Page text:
Philippe Le Guay’s Bicycling with Molière places a modern comedic spin on the titular French playwright’s seminal work The Misanthrope, with the film’s characters mirroring, to an extent, the rapport between the classic roles in Molière’s text. The retired actor and recluse Serge Tanneur (Fabrice Luchini) is approached by fellow thesp Guathier Valence (Lambert Wilson), who seeks to lure him back to the stage in a production of The Misanthrope. Gauthier himself has an ulterior motive, as appearing in the play with Serge will restore some of the credibility he may have lost with his role as a doctor on a schlocky soap.
Even though Le Guay’s subtext about the past and modernity constantly being at odds is intriguing, the director presents this in a clunky, almost didactic fashion. As Gauthier is thoroughly entrenched in the modern world, not only in his grasp of technology, but in his style of acting, Serge is his Misanthrope-ian foil and opposite, representative of the classic—and therefore, in the film’s terms, “highest”—form of performance. Le Guay delves slightly into notions of the low- versus the highbrow with the presence of an aspiring actress, Zoe (Laurie Bordesoules), who happens to do porn on the side, rehearsing Molière with Serge and Gauthier; however, this quietly entertaining subplot, in which Le Guay shrewdly refuses judgment against Zoe, is sidelined for a rush of plot and character contrivances that seem only to benefit the insistence of a bloated climax that betrays the film’s chamber-piece modesty.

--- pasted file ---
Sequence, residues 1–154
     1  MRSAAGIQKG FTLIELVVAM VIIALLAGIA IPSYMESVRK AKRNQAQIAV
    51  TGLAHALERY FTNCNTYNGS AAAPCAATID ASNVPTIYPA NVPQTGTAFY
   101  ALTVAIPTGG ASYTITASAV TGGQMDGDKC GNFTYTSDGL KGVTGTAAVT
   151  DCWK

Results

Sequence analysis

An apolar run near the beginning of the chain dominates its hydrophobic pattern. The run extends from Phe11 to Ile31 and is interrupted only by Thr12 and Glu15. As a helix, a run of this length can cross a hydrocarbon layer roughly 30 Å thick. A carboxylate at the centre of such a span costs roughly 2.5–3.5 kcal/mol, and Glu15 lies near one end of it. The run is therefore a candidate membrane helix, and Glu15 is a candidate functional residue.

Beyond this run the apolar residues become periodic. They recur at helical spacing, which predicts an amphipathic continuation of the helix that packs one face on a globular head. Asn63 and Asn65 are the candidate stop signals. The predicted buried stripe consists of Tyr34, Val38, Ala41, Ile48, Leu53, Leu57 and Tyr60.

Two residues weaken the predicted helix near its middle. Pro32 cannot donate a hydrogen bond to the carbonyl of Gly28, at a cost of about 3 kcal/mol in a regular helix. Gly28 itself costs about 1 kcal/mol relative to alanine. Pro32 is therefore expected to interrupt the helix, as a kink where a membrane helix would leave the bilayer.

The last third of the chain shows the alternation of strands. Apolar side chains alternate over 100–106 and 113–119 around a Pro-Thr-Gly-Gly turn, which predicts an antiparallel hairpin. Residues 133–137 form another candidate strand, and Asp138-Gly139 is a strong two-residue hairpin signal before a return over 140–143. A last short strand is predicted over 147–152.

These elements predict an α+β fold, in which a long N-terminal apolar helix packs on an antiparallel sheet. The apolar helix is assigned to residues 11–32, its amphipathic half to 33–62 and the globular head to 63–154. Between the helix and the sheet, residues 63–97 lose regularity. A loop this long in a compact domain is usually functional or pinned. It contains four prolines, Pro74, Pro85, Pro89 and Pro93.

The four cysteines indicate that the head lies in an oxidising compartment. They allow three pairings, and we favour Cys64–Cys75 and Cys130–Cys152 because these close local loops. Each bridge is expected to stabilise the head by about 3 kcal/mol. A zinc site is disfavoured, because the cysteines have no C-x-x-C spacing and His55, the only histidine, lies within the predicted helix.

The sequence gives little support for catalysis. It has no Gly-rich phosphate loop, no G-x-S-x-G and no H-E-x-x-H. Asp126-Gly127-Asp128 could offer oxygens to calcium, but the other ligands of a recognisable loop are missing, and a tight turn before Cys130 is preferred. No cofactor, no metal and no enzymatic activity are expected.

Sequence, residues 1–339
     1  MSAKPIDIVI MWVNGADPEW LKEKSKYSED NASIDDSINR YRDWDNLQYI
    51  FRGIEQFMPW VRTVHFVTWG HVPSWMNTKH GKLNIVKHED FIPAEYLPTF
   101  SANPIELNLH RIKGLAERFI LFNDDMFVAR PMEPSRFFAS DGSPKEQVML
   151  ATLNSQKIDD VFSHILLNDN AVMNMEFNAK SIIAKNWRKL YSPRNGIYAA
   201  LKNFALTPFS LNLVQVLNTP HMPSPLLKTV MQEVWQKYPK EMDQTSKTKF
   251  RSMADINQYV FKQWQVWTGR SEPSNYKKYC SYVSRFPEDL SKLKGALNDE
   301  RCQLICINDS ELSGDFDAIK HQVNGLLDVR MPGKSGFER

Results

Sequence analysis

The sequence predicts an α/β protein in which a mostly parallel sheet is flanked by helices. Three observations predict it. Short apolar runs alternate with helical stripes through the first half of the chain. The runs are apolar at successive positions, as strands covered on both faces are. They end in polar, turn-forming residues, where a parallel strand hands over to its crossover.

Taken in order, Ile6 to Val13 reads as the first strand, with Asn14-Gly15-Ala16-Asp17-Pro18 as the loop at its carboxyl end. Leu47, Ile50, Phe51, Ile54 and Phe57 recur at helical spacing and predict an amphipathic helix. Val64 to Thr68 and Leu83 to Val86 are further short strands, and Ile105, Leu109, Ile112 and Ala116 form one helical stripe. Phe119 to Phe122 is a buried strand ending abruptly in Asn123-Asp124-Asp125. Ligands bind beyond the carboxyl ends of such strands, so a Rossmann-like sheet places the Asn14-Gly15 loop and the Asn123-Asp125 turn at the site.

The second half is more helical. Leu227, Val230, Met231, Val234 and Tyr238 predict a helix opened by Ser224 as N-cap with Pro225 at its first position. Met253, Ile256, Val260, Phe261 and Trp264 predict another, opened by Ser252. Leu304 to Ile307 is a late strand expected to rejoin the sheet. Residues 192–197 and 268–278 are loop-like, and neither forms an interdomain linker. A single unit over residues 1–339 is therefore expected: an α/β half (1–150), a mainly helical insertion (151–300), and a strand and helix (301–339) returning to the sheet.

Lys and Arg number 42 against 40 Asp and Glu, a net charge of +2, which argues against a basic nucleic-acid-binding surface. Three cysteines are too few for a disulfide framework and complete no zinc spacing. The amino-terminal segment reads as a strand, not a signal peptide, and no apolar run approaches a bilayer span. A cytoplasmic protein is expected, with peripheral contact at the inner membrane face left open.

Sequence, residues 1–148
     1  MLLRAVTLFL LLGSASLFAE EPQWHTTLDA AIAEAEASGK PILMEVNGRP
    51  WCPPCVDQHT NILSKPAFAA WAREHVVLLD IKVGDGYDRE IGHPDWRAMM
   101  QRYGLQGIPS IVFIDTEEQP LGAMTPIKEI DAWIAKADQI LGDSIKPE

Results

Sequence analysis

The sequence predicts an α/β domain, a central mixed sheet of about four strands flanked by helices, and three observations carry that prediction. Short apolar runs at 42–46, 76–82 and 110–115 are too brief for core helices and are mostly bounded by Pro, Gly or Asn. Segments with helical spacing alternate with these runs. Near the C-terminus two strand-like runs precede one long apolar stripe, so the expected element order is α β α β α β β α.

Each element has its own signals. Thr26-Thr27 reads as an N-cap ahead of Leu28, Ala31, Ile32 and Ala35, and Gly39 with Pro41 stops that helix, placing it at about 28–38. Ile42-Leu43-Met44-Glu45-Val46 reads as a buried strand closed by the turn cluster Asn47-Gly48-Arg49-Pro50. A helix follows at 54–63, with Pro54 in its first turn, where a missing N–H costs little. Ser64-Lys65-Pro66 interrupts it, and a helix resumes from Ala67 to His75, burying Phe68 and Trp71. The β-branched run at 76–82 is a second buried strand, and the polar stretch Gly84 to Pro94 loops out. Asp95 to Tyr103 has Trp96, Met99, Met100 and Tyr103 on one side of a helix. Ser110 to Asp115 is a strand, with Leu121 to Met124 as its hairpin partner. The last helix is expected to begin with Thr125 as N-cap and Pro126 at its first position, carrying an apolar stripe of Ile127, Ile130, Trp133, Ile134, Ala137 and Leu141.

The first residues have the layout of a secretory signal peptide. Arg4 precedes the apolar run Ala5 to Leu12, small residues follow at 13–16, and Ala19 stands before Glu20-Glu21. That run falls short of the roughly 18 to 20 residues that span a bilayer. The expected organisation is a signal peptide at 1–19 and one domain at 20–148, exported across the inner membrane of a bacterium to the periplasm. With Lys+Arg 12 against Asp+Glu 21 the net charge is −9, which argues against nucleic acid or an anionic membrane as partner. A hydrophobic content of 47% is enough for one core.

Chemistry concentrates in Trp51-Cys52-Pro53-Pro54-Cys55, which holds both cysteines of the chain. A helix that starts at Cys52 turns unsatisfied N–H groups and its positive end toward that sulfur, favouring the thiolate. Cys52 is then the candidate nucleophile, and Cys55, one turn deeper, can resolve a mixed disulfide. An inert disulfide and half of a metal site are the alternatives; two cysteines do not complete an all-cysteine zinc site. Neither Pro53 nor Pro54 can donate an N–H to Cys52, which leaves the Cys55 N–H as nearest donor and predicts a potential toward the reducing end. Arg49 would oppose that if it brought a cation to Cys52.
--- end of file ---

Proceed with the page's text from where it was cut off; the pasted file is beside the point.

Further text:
Le Guay even toys extensively with the image of the matinee idol, using Wilson’s generally self-absorbed Gauthier as the target for many unflattering jabs, though this comes across as desperate attempts to show Wilson is game enough to stomach such self-mockery. Some of these moments veer into light physical comedy, which are noticeably performed (and blocked) with a tip of the hat to Jacques Tati, though Wilson isn’t a deft enough comedian to pull off these slight homages. It should be noted that Serge is never the butt of a joke the way Gauthier is, suggesting that the classical actor is oddly immune to ridicule.
Le Guay certainly doesn’t cop out on the film’s ultimate denouement, which is draped in a deceptive melancholy, but the moralistic message that sporadically pops up throughout the film becomes clearly evident in the end: that newfangled technology or ideas will never trump their progenitors, and the reconciliation between the old and new is hopeless. To this effect, Le Guay and Serge seem like just another pair of Gran Torino-esque misers.